Volvo Cars builds many of the safest cars on the market. Ever since Volvo Cars was founded, safety has been a cornerstone of the company philosophy. The aim is to offer cars that are safe for all people in all imaginable traffic situations. The key to success in this respect is to design safety systems that are smart and that interact with one another. Volvo Cars bases its research on a variety of parameters, including data obtained from actual road accidents, with the future aim of ensuring there are no fatalities or serious injuries in or owing to a Volvo car.
XC60 -Volvo's safest car ever
2008 saw the launch of the new XC60 on the market. This model has a safety level of absolute world class and its standard specification includes City Safety, a function that helps the driver brake if he or she is about to drive into the car in front. City Safety has been developed to reduce the risk and consequences of a rear-end collision, something that is very common in urban traffic and when driving in slow-moving tailbacks. The system is active at speeds below 30 km/h and is estimated to be able to reduce the occurrence of this type of accident by 50%.
2008 was also the year when Volvo Cars clearly expressed its safety vision for the future - to design cars that should not crash. In the shorter perspective the aim is that by 2020 no-one should be killed or injured in a new Volvo car.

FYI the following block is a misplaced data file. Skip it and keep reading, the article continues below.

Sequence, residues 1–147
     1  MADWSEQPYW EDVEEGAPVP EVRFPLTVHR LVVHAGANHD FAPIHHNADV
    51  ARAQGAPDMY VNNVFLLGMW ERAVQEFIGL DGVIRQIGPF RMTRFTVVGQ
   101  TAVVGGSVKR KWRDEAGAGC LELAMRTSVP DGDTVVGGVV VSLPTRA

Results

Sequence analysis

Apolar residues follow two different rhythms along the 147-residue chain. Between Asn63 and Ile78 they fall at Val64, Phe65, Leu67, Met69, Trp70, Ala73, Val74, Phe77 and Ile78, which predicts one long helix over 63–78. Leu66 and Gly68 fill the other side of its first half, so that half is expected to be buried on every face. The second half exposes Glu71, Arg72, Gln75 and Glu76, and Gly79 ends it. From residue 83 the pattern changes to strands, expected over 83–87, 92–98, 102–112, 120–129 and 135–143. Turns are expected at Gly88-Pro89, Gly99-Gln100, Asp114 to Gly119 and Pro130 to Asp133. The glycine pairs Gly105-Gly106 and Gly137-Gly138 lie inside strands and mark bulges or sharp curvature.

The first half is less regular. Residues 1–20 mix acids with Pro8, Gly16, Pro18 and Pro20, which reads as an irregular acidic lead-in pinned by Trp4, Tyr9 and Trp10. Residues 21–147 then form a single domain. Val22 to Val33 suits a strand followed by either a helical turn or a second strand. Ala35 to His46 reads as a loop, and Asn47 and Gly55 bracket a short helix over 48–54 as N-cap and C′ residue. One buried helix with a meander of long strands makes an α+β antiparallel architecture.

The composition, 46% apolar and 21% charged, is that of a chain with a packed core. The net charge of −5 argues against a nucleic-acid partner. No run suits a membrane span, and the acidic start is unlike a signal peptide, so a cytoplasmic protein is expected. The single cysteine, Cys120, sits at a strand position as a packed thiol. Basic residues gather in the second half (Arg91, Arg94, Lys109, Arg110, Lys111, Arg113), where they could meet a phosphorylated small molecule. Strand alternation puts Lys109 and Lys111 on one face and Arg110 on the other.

The road there is challenging and part of the solution will be technology that involves cars and infrastructure communicating with one another.
WHIPS turns 10
Whiplash injuries are among the most common traffic injuries. It was back in 1998 that Volvo Cars introduced WHIPS, an effective system that protects the neck in a rear-end collision. The system, which halves the risk of long-term injuries, has now been around for ten years. WHIPS is fitted as standard in the front seats of all Volvo car models.
Technology for sober driving
Along with failure to use safety belts and excessive speed, drink-driving is one of the biggest traffic-safety problems. Since the start of 2008, Volvo has offered an alcolock with the aim of preventing drivers from driving under the influence of alcohol. The alcolock is based on advanced fuel-cell technology and is very reliable.
One effective way of reducing the number of injuries and fatalities in traffic is to help the driver avoid an accident in the first place. Surveys reveal that up to 90% of all accidents are caused by the driver being distracted and failing to concentrate fully on the road. This is therefore an area of top priority at Volvo Cars. For example, Volvo offers Driver Alert Control, which monitors attentiveness and alerts the driver if he or she shows signs of distraction or erratic driving. Collision warning and auto-braking are also offered on several models.